The Monotonic Clock and Why You Should Care About It

Recently, while getting into the GitHub woods to make some contributions to the Open Source community, I noticed myself staring at the hanami/hanami repository with my eyes entirely focused on an issue that immediatelly caught my attention. The title of the issue mentioned a new word that I didn’t know about, but aroused vast curiosity for me.

I’ve been developing software for at least ten years now, and I wondered how come I’ve never heard about monotonic clocks so far? Should I? Does it matter? So, in my defense, I don’t think I should know it just because I have a couple of years in the software business. However, I was convinced it should be something that would deserve my attention.

The intention

The intention here is to briefly clarify the difference between wall-clock (real-time) vs. monotonic-time and how it may affect how we look for the seconds/minutes our routines usually take to start and finish themselves.

It is not exactly a fresh born concept but I am pretty sure it is not a thing we consciously deal with every day.

The wall-clock and how it may vary

We can think of a wall-clock exactly how the name suggests: it’s the time we see when we look at a big rounded clock hanging on the wall, or for nerdy guys like us, when we look at the top/bottom panel of our operating system. At first glance, there is no problem with the wall-clock time as long as it is adjusted/synchronized, right? So, you should be correct, but when we talk about performance measurement, there is only one thing we want to care about, and I’m not referring to how fast our routine may perform. No, we want to guarantee that the time won’t jump back or forward unexpectedly.

The wall-clock time cannot give us any guarantee that the time we are getting from it is the right time we are in the universe or, in other words, we are unable to guarantee that the elapsed time we get, for example, from the routine below, won’t be influenced by external events:

start_time = Time.now
coolest_routine(...)
end_time = Time.now

elapsed = end_time - start_time

We know that the clock-time of our machine is usually synchronized with an NTP (Network Time Protocol) server, sending one or more (depends on the OS you’re using) time request packets throughout the day in order to set the correct time on our local machine – which may directly affect our clock at any time, adjusting it back/forward as needed. Do you think such a thing could happen in the middle of my coolest_routine method above? It certainly could.

What’s another external event that may affect our clock-time? One minute for you to think. You’re right once again! Whatever other routine is executing a function like clock_settime provided by the Linux kernel. You may actually need proper rights to execute functions like that one, but in practice, yeah, it is possible, and it may also happen in the middle of our coolest_routine.

So, here’s the most interesting one: the planet we’re currently living in does not always take the same time to complete a lap around itself. It is actually pretty irregular and, for that reason, from time to time, the UTC clock is adjusted by a second. For example, on December 31th 2016 the UTC clock registered the following seconds:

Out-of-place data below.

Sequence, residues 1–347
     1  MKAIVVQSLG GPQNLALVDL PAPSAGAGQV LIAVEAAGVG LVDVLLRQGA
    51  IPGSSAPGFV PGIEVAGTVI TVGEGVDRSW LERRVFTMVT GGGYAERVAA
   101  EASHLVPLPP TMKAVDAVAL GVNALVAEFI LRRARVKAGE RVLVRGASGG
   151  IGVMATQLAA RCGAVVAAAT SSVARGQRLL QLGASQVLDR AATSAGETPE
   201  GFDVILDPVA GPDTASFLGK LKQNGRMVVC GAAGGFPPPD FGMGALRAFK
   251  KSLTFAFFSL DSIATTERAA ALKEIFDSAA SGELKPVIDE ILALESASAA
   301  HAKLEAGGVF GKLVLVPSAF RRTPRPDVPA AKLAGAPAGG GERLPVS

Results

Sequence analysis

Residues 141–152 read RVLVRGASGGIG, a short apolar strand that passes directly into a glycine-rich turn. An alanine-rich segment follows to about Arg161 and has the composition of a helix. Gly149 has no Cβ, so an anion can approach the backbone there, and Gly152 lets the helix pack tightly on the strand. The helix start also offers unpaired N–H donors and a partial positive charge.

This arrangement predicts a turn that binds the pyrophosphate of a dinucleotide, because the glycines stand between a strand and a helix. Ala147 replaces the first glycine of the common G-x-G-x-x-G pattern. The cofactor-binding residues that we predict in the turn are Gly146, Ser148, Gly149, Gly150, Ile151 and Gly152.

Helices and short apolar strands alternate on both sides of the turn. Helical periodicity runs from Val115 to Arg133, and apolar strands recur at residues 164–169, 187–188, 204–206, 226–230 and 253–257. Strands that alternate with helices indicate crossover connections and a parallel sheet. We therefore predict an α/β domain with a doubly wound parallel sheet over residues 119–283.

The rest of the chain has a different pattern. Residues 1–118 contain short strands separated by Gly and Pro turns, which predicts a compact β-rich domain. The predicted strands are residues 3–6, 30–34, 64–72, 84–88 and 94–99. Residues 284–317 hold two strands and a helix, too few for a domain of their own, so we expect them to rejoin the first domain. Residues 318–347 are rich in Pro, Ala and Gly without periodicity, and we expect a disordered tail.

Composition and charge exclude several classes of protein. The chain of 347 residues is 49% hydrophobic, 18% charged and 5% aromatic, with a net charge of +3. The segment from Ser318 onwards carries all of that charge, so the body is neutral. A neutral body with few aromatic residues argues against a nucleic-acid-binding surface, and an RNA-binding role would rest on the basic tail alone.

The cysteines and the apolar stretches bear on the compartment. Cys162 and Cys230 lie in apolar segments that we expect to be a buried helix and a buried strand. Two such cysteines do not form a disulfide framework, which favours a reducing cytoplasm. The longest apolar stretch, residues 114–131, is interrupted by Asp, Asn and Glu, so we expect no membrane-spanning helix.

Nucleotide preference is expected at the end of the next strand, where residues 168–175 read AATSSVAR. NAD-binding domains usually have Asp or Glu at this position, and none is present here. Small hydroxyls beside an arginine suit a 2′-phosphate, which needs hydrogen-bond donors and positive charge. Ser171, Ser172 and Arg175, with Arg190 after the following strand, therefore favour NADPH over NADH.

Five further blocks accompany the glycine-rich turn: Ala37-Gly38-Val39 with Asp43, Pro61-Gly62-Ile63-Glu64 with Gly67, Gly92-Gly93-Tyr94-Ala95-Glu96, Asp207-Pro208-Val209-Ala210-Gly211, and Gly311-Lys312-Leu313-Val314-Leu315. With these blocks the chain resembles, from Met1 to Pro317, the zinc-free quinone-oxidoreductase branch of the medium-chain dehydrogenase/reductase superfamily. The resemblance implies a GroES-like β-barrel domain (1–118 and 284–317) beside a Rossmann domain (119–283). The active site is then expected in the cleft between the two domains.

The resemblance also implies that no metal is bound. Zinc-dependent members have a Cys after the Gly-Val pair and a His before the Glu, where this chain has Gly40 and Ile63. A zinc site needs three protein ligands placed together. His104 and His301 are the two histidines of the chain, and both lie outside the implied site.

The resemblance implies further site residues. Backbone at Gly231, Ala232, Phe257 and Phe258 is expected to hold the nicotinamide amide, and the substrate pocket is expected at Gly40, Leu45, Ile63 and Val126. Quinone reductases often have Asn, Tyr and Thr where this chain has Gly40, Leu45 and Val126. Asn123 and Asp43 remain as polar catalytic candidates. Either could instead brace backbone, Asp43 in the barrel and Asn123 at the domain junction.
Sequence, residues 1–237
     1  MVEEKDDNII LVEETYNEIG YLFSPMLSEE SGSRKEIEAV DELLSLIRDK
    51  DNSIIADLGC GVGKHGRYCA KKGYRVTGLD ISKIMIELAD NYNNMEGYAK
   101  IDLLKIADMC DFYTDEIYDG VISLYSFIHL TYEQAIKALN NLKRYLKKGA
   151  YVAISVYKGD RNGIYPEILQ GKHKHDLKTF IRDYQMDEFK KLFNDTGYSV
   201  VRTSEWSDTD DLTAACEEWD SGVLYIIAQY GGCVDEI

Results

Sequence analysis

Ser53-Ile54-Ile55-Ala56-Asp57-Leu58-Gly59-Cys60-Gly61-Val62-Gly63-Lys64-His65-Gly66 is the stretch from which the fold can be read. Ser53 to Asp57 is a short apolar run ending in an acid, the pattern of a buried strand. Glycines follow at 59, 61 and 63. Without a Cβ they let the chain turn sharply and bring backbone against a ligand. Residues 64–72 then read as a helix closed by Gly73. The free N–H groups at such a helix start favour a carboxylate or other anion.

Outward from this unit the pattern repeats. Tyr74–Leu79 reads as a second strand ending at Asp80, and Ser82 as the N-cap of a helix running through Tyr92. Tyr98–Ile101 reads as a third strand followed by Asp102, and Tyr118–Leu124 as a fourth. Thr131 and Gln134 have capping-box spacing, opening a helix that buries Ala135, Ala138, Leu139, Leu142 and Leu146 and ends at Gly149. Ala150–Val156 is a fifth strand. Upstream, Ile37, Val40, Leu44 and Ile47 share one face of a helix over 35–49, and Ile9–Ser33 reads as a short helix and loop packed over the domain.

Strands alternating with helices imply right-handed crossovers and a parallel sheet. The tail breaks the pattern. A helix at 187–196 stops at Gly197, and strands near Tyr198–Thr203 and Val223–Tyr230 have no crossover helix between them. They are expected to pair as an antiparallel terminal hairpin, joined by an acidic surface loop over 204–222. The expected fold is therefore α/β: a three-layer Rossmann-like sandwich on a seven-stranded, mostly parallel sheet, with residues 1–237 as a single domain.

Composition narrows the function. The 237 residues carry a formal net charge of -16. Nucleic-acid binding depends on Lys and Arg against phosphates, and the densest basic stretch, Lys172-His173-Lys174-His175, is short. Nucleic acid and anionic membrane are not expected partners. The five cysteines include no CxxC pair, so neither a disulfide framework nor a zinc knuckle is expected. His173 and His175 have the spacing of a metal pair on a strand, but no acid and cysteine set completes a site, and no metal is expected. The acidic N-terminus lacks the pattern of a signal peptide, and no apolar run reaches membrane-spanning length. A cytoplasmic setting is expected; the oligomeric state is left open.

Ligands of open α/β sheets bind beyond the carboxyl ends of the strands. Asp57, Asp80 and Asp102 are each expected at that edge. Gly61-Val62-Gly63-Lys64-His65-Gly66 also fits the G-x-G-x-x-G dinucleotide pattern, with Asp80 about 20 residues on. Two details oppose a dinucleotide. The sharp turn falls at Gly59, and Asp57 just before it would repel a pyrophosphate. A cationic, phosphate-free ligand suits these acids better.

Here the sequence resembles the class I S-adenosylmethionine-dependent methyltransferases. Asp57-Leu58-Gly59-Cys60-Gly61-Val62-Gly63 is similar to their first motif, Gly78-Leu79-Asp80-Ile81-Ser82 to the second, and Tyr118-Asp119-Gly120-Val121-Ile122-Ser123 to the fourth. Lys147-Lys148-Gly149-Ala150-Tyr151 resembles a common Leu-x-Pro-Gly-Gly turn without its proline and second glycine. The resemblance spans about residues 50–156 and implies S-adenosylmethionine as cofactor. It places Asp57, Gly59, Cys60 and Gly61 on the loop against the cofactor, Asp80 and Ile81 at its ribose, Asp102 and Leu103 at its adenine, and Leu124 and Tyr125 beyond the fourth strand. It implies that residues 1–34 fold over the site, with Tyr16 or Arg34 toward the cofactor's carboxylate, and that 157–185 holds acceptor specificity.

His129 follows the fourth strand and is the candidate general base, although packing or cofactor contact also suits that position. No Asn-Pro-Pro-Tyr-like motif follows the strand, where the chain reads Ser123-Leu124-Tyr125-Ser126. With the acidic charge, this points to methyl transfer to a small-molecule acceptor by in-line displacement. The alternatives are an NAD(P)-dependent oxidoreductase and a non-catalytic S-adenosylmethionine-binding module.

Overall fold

December, 31th 2016, 23:59:59
December, 31th 2016, 23:59:60
January, 1th 2017, 00:00:00

You may think it was a long time ago, but trust me: since 1972, the same event happened 27 times, which means the UTC time as we know it has 27 additional seconds now.

The monotonic-time and how It can save our calculations

I’ll define a monotonic function as a subset of constant values. The values are strictly increasing or decreasing, not jumping back/forward. If you’re a calculus expert, you may even yell at me and I’ll take it, but for the purposes of this article, we can say that a monotonic time is a time where we want to ensure that the difference between the begin and end of a given routine is perfectly measured in a unity that is constantly moving forward tick by tick.

Using our Ruby example again, calculating the elapsed time using the monotonic function will guarantee that regardless of the wall-clock events that may happen in the middle of the process, our seconds are moving synchronously forward.

start_time = Process.clock_gettime(Process::CLOCK_MONOTONIC)
coolest_routine(...)
end_time = Process.clock_gettime(Process::CLOCK_MONOTONIC)

elapsed_time = end_time - start_time

Conclusions

Back to the hanami/hanami repository and the issue that made me spend a few hours to better understand the concept of monotonic time (and therefore also write this post,) it was actually related to the elapsed time calculation of an incoming HTTP request that was inconsistently using both monotonic and wall-clock times. The begin time was referenced from the monotonic clock and the end time from the wall-clock, so the final measurement was subject to inconsistency.

I could take a moment to link my experience with the importance of constantly contributing to the Open Source community, but it is not the intention here. It is just something that aroused my curiosity and the wish to share the bit of the knowledge I was able to glean from it. The next time you write a benchmark, be mindful of whether you’re using monotonic or wallclock time. If you want to be the most precise possible, it’ll make a big difference.

See you guys in another opportunity.

We are hiring new talents. Do you want to work with us? become@codeminer42.com